Flexible working

Posted on Nov 14, 2014

As of 30 June 2014 all employees with more than 26 weeks’ service will have the right to request flexible working. To date this right has been limited to those with caring responsibilities so this is a significant widening of the right. It will be interesting to see how this will impact on the existing concern for employers that rejecting flexible working can give rise to claims for indirect sex discrimination on the basis that more women than men are likely to want to work flexibly because of childcare arrangements. In the changing workplace, perhaps this will become less of an issue, particularly with the forthcoming shared parental leave changes that will come in next year (we will report on these in another update).

Along with the widening of the right, the big change is to the existing statutory application process. Currently it is pretty restrictive with clear time limits. This is being replaced with a simple duty on the part of employers to deal with any application reasonably and to communicate a decision within 3 months of the request. There is no mention of time limits other than the 3 month long stop date, so as long as employers meet to discuss arrangements with the employee, then that will be sufficient. Remember that employees have the right to be accompanied at any such meetings and they will have the right to appeal any rejection decision.

ACAS has drafted a Code of Practice to support this right which will be taken into consideration by a Tribunal. A copy of the current draft can be found here here. The main points of the Code of Practice are:

  • Employees can still only make one statutory request in any 12 month period.
  • Employees must put their request in writing and make it clear it is a formal application. They must also set out what they would like their working pattern to be, explain what the impact might be on the employer and how that may be dealt with.
  • It had been suggested that employers should begin from the position that unless there is a good business reason to reject a request, then a request should be granted, but that has been removed. This came out of a worry that employees might be misled into thinking that they have almost the right to work flexibly which would make the process very difficult for employers and would lead to disgruntled employees.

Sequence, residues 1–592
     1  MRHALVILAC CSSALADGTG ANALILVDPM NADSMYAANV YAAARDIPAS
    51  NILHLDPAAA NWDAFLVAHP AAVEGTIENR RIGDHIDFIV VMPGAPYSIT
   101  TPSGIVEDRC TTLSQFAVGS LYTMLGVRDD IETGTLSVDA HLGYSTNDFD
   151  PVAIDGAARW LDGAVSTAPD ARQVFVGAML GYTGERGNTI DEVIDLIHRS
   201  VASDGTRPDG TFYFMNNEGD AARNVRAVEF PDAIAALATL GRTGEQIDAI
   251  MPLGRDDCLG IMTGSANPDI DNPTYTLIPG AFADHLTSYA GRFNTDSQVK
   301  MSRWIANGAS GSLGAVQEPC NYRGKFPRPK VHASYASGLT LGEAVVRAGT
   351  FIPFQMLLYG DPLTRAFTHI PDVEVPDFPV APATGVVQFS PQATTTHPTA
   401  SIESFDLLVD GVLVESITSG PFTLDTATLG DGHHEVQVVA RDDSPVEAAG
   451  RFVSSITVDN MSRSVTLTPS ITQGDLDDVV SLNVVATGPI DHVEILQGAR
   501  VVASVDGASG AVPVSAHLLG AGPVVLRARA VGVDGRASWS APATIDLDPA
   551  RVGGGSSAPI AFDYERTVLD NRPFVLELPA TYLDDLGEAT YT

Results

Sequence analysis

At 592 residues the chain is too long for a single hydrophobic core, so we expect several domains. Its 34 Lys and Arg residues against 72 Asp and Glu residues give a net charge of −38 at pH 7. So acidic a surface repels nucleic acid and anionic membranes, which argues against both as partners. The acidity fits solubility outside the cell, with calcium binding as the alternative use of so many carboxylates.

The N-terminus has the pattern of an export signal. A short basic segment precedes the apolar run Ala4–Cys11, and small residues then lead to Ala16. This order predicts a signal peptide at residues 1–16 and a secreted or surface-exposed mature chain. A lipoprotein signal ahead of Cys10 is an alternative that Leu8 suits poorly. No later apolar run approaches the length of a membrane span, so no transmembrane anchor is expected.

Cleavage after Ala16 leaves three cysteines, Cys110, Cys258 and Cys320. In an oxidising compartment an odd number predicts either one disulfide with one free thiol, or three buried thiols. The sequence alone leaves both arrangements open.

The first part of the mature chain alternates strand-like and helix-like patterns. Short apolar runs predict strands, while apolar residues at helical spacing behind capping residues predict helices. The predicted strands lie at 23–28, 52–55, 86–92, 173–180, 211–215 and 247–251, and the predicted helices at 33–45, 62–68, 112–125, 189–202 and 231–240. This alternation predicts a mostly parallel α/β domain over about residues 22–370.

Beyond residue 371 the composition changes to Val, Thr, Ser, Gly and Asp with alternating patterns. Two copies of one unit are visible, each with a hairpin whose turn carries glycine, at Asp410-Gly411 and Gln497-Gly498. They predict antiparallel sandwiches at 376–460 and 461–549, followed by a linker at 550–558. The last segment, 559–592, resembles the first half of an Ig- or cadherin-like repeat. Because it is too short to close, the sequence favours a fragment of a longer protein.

• The existing reasons for rejecting a request continue and are set out in the Code of Practice.
  • If employees fail to attend a meeting, employers must rearrange it once. If the employee then fails to attend the rearranged meeting without good reason, the employer is entitled to regard the application as withdrawn.

Practical tips

The first step is to review your existing policy. Please let us know if we can help in doing so.

You must not discriminate when dealing with requests, so consistency remains crucial.

If you are looking at rejecting a request, then ensure that you can justify your business decision, and make sure it comes within the existing 8 business reasons.

Try to approach this with a positive mindset – applying a trial period is good evidence that you have done so, and will give both parties the chance to see if the arrangement works or not.

Business immigration issues

The immigration rules change so often, that it is difficult to keep track of it! So, here are some nuggets of information for those of you looking to employ migrant workers:

  • Potential migrant workers from certain countries have to be tested for tuberculosis as part of their application process, which has the potential to delay and extend the visa application time. This requirement has been extended to 51 additional countries, taking the total to 96, including Russia, Korea and China. Employers looking to employ workers are advised to check out the list of countries and ask their candidates to get a test certificate in advance of making their application.
  • There are now plans to charge migrant workers for using the NHS. The current amount is suggested as £200 per year of stay, payable up front at the time of applying for a visa, with additional charges being levied on visitors for use of A&E services. If this goes ahead, the changes are likely to be effective from Autumn 2014. Will employers pick up this bill as part of their international assignment costs?
  • This month the minimum salaries for migrant workers have been updated, as have the SOC codes for the appropriate jobs. Check the Home Office website for details to make sure that any applications you make are up to date.
  • Tier 2 visas can now be granted for 5 years, rather than just 3 years, but the fees for such longer visas are substantially higher. This does help with workforce stability however and for some employers this will be welcome.